History has left us with many wonders, sometimes buried in elaborate vaults or ornate tombs. Other times, artifacts of times past are found in somewhat less sophisticated surroundings. Take for instance, the Museum of the American Revolution’s latest 82,000-piece haul—found in 300-year-old toilets in Philadelphia.
The world’s oldest axe—dating back at least 46,000 years—has been uncovered in Australia. And, already, there’s a mystery surrounding it.
About 500 years after it sank to the bottom of the Arabian Sea, researchers believe they’ve found the Esmerelda, a ship that was in Vasco da Gama’s fleet during his second voyage to India. The excavation has so far yielded over 2,800 artifacts.
For years, the United Kingdom’s Environment Agency has been using Lidar to study flooding and coastal changes. Since 1998, it’s had an unexpected use: discovering long-lost roads left by the Romans, helping to uncover new details of the country’s past.
A new archaeological find in Turkey may have just answered a question about our ancestors that has persisted for thousands of years. Ancient farming may look a little less like what we imagined it as, and a little more like what we see today.
In 2008, an archaeological team uncovered a clay jar buried on a Menominee reservation near Green Bay, Wisconsin. Inside, they found that it contained seeds. Now, a group of students have brought the plants back to life.
Deal with it, paleo dieters—this 30,000-year-old cave was once a bakery.
Archeologists think they’ve pinpointed the spot where chicken became one of the world’s most popularly-eaten foods: A dig in an ancient city in Israel yielded a trove of chicken bones, dating back to 400 B.C.E., likely from the first instance of a chicken food craze ever.
Archeologists working in Kenya have discovered the world’s oldest stone tools. At 3.3 million years, they’re 700,000 years older than what were previously the most ancient stone tools ever discovered. In fact, they’re even older than humans.
A visitor from 100 years ago would be confused by our selfies and our strange toys — but they would understand the need to show off. Throughout history, people have had status symbols. Sometimes, these things have been gold and jewels. But sometimes, they’re a bit weirder. Here are 10 bizarre status symbols from the…
When the fossil of this 12 million year old whale with a terrifying set of giant jaws was uncovered the name chosen was a fitting one: Leviathan, for the Biblical sea monster, and Melvillei, for the author of the most famous whale story. And then things started to get tricky.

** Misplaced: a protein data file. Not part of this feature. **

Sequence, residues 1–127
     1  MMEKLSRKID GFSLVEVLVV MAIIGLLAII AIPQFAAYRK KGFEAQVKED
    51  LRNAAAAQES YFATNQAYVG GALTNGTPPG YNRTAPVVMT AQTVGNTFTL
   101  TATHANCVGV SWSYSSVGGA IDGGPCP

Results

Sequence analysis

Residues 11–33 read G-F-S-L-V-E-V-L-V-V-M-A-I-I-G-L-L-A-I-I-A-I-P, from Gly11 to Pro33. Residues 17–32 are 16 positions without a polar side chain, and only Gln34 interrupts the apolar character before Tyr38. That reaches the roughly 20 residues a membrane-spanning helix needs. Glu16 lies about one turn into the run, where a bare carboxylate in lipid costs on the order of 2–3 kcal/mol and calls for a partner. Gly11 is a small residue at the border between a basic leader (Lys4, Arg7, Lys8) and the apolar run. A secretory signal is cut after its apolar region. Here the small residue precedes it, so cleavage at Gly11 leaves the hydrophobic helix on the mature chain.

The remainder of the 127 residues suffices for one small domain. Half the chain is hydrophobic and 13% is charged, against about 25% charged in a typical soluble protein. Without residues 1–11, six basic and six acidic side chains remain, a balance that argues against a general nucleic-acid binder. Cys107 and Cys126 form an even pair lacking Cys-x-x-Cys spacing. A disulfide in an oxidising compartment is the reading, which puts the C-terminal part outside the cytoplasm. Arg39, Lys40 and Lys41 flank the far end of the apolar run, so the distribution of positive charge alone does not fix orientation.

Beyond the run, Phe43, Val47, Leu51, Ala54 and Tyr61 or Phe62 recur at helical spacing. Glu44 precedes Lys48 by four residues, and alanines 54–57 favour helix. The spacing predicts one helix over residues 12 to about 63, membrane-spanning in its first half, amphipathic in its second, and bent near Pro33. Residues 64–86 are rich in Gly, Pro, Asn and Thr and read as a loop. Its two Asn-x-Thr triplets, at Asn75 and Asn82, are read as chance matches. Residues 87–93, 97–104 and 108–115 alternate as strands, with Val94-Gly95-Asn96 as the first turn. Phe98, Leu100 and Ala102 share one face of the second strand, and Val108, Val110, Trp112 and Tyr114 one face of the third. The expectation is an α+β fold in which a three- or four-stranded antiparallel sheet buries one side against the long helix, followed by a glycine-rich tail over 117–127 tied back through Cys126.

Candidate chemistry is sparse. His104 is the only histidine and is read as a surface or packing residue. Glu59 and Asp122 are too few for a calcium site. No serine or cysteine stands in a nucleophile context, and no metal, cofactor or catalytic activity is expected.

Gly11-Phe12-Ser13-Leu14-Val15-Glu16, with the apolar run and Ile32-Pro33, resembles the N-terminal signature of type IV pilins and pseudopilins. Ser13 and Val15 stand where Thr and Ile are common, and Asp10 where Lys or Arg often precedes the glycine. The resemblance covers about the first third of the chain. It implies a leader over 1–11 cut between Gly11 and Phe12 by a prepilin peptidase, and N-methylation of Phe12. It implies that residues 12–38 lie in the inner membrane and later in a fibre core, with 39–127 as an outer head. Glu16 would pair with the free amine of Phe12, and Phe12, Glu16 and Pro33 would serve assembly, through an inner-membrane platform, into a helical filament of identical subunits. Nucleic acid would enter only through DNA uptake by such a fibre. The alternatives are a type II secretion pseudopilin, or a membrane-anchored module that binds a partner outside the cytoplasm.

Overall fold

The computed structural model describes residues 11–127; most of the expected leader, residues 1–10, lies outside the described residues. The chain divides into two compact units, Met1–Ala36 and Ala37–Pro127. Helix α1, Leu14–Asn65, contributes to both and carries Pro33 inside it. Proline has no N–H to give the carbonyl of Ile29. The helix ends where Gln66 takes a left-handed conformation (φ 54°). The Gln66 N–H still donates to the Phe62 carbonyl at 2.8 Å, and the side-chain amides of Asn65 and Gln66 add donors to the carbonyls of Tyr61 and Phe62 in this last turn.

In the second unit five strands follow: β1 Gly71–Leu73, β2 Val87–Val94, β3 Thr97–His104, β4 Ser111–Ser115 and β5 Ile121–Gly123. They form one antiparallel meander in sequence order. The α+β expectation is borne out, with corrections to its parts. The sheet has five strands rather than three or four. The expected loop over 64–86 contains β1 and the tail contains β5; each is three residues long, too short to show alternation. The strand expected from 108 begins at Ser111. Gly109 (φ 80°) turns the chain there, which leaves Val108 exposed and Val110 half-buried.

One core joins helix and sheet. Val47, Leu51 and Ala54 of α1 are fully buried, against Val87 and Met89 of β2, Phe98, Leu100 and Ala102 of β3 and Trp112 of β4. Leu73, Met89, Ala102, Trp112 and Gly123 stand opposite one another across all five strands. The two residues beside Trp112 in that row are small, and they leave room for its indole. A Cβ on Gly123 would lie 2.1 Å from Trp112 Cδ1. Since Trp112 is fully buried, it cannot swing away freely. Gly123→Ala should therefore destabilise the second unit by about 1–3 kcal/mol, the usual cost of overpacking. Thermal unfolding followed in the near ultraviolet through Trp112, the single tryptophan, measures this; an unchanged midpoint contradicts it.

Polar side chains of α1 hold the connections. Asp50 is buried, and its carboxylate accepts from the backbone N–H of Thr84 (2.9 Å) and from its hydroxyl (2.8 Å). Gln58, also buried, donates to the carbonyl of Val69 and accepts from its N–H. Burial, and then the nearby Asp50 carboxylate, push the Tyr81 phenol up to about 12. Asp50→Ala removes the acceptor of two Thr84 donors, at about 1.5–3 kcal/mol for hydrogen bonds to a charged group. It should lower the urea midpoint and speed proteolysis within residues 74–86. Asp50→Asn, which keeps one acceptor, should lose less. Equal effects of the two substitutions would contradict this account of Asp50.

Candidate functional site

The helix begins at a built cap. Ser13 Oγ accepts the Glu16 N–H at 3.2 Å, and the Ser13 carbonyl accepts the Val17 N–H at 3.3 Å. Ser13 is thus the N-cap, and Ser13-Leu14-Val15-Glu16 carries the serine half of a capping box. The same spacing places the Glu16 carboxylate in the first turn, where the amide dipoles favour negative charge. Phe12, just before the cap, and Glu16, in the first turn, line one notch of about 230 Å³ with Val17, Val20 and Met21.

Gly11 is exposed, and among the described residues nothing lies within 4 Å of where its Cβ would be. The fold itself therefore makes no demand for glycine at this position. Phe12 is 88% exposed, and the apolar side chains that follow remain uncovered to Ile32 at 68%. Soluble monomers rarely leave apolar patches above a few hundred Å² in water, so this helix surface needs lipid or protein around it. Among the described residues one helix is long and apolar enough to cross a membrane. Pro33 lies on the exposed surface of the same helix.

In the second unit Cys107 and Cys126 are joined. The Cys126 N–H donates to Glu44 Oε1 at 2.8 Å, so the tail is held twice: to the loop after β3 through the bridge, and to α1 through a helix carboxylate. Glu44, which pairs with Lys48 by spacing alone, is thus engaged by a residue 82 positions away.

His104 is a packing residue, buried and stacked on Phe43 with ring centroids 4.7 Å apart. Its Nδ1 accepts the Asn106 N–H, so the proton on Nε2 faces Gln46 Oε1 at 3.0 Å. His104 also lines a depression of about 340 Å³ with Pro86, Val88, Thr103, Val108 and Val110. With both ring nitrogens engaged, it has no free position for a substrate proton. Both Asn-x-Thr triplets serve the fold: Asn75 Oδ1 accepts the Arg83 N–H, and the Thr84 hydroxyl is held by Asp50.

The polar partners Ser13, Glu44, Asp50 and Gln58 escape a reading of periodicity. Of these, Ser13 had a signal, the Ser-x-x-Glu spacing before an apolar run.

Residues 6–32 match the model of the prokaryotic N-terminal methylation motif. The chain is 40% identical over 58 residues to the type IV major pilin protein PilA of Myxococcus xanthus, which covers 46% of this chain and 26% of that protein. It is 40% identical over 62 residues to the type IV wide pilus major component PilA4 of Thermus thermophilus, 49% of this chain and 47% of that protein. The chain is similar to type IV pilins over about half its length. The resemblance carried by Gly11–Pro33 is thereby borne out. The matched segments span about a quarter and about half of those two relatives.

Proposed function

As much as I’m looking forward to Jurassic Park, I will never quite forgive dinosaurs for the sin of being birdlike. How can I fear something that I eat in nugget form? Now prehistoric mammals — that’s where the action is. Here are the top 10 mammals that ruled more than any dinosaur ever.
The 25o-year-old sex toy was probably dropped into the latrine by mistake because no one would abandon something in such good condition that was obviously expensive.
Researchers excavated the first complete skeleton of a camel in central Europe — one that may have started out life in the army and ended it as a curiosity.
Having survived 8,000 years, the Chinchorro mummies found in modern-day Chile and Peru have started decaying more quickly than ever before—in some cases even melting into gelatinous "black ooze." Scientists at Harvard think they've found the reason why.
An unassuming scrapbook buried inside the archives of Sandwich, England turned out to hold quite a treasure: an original copy of the Magna Carta from 1300, one of just several that have survived all these centuries.
The jolly good life of a pirate was not a jolly healthy one, what with the syphilis and scurvy and ship-raiding. Archeologists excavating Blackbeard's flagship off the coast of North Carolina have unveiled their latest findings: a cache of medical instruments that include this rather horrifying urethral syringe.
You never know what you will find when you dig on a farm. Sometimes you may unearth old agricultural tools, sometimes just roots and sticks — and sometimes, on very rare occasions, a lead-lined bucket, filled with over $1.5 million dollars worth of ancient silver coins.
A man out for a stroll on a South Welsh beach stumbled upon something rather remarkable: a fully-articulated, seven-foot ichthyosaur skeleton — described by the National Museum Wales as "a potentially very, very important find."
Sometimes the real-life and on-screen versions of a scientific field can be so far apart that the only thing they share is a name. (Please note, Hollywood: The job of an archeologist is to preserve ruins, not destroy them.) Today, we want to know which science continually gets the worst hatchet job on screen.